Eastern Oregon head coach Anji Weissenfluh said she knew something was up when she saw former players at Quinn Coliseum prior to Saturday’s Cascade Collegiate Conference game.

“Honestly when a few of my alums showed up early at pregame I thought OK. I was happy to see them, but I thought, ‘Why are they here tonight?’

“And then I kind of put it together.”

The coach knew the milestone the alumni were in attendance for, her 400th career victory, could happen this season.

Saturday night, it did.

Maya Ah You-Dias poured in 27 points, Stormee Van Belle recorded a double-double, and Eastern Oregon continued its dominant run through the CCC with a 96-58 beatdown of Evergreen for its 17th straight victory and the 400th the program has attained with Weissenfluh at the helm.

“What it means is I’m really blessed to have had the opportunity to coach so many great athletes and young ladies. That’s what that means,” the coach said. “Very blessed. It also means I’m getting old.

“But really, it’s not my accomplishment. It’s the program’s accomplishment. And I’m not just saying that. We’ve built a program, and it’s involved outstanding young ladies, their parents, the community, my assistant coaches. I’ve been really blessed to be surrounded by so many people that are committed to winning.”

EOU players, knowing the benchmark was coming up, planned for weeks what they would do for the celebration once the win was locked up.

They also were pressing much of the first half trying to make sure it happened, and as a result were unable to shake the Geoducks initially.

“We didn’t come out as we wanted,” Van Belle, who finished with 20 points, 10 rebounds and five assists, said. “I think we were trying a little too hard in some aspects. I think that was part of it.”

Eastern never trailed, was up nine in the opening quarter and led as much as 40-23 after back-to-back 3-pointers by Ah You-Dias in the second.

Evergreen, though, closed to within 45-34 by halftime on a jumper by Alexcis Higginbotham and was still within nine at 53-44 after a Cayla Jones jumper midway through the third.

Then EOU finally took command. Two free throws by Ah You-Dias and 3-pointers from Payton Parrish and Reece Bauer helped boost the lead back to 15. The lead grew to as much as 21 points late in the third, then quickly ballooned to 26 on 3s by Ah You-Dias and Parrish early in the fourth. Bauer’s triple later made it 82-52 with 6:09 to play.

“Once we finally got a rhythm, obviously Maya took over and Payton was hitting shots.That’s how it rolls,” Van Belle said.

In all six EOU players reached double figures. Parrish finished with 13 points, while Bauer, Jessica Sexson and Maren Herrud each added 10.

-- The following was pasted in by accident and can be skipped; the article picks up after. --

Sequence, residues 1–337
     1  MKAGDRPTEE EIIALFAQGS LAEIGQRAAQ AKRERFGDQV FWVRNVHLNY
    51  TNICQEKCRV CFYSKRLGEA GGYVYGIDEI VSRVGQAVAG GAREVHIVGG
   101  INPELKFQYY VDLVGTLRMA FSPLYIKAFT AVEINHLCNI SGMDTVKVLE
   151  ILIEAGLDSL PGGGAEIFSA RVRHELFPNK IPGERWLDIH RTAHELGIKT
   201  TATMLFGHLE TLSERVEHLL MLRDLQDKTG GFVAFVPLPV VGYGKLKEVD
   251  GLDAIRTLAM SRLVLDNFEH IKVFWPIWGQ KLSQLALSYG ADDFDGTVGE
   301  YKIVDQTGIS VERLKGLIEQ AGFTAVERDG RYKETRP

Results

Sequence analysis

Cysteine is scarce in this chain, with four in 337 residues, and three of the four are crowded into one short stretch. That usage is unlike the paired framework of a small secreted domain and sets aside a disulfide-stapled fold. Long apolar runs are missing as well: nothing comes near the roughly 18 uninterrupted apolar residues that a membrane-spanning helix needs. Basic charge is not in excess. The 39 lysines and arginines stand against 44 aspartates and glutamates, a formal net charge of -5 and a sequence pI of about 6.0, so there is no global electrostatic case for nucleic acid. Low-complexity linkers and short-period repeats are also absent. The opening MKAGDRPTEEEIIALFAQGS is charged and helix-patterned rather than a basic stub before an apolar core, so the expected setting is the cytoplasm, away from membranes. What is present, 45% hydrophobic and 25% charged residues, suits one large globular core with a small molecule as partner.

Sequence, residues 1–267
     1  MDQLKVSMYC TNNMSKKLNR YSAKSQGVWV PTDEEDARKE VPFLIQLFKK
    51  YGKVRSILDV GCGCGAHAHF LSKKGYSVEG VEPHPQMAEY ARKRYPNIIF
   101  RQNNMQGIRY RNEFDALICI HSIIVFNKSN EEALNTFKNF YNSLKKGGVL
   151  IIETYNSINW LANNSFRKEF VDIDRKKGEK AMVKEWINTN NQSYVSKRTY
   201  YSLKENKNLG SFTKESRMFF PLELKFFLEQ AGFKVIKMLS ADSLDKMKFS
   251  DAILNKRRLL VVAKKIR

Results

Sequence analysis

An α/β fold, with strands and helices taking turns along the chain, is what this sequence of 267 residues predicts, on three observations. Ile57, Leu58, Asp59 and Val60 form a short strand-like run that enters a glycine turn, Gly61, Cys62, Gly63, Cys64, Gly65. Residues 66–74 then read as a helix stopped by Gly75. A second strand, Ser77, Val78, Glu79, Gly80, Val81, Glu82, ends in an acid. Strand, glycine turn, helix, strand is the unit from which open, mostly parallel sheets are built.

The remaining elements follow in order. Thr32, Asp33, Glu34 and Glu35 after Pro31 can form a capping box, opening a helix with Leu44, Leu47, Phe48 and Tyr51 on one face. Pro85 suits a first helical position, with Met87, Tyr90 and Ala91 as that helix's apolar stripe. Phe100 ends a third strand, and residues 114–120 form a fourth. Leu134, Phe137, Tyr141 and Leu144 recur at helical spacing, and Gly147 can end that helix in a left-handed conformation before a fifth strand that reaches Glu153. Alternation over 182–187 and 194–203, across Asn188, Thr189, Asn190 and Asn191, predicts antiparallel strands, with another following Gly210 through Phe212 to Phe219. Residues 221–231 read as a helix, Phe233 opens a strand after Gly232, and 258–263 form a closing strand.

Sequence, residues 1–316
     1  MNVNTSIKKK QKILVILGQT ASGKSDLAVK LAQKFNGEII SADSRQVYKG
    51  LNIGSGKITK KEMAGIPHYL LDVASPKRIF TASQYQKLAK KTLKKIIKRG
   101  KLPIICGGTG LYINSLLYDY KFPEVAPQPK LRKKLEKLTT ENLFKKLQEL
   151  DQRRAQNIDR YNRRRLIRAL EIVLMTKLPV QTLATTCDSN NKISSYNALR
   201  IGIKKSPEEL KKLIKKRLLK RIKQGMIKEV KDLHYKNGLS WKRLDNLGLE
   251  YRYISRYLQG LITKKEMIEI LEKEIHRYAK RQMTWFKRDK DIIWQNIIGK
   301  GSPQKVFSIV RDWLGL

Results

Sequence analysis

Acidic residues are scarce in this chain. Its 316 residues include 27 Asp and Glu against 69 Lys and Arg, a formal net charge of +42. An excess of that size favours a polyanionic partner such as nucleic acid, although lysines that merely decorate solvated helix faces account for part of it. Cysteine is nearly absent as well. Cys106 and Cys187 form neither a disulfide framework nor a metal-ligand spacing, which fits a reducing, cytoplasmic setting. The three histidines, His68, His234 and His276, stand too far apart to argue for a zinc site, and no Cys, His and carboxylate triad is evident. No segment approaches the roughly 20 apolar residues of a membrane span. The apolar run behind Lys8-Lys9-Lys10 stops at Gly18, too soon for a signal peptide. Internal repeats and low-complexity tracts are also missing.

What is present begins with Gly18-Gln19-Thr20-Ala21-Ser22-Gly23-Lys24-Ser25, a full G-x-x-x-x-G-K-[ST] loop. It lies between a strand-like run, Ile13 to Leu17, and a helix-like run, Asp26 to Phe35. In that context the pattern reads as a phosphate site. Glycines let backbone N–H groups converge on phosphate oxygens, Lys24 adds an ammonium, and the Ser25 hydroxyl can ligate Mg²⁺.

Parrish said the team came out with a determination to not lose in the second half and to celebrate the milestone victory.

“It was such a big night. We’re not really sure coach knew, but we knew what was on the line,” she said. “It just kind of set us back a little bit in the beginning but we were able to pick it up in the second half. We came into half and we were like we are not losing this game.”

Van Belle, in fact, said Weissenfluh never brought up the upcoming 400th win.

“We looked it up and we said, ‘We want to make this big and special for coach,’” she said. “She didn’t even talk about out. Coach never talked about it. We were going to make it a big deal for her. She’s pretty humble about everything. She doesn’t want to celebrate too much. She’ll probably say this is for us, the players who made it happen. But in reality she’s led lots of teams as well. She needs to take some credit for it.”

Parrish called it an emotional night, noting both her and Ah You-Dias were in the program when Weissenfluh earned her 300th win in February 2014.

“So now it’s really cool to see her achieve her 400th career win, and I’m just honored to be able to play basketball and be a part of her program,” Parrish said. “It’s crazy to see 100 wins later. She’s just a rockstar.”

The coach, who is now the 10th active coach at the NAIA Division II level with 400 wins, said she was asked earlier in the season if she wanted to know as it was approaching.

She declined. But she knew something was up when the alumni arrived. It was apparent when fans at Quinn Coliseum held up signs in the closing seconds with the number “400” and players gave her a confetti shower on the court after the buzzer.

“And people kept it quiet. They were good,” Weissenfluh said. “All the planning all the preparation. I want to thank everyone. They made it really special.”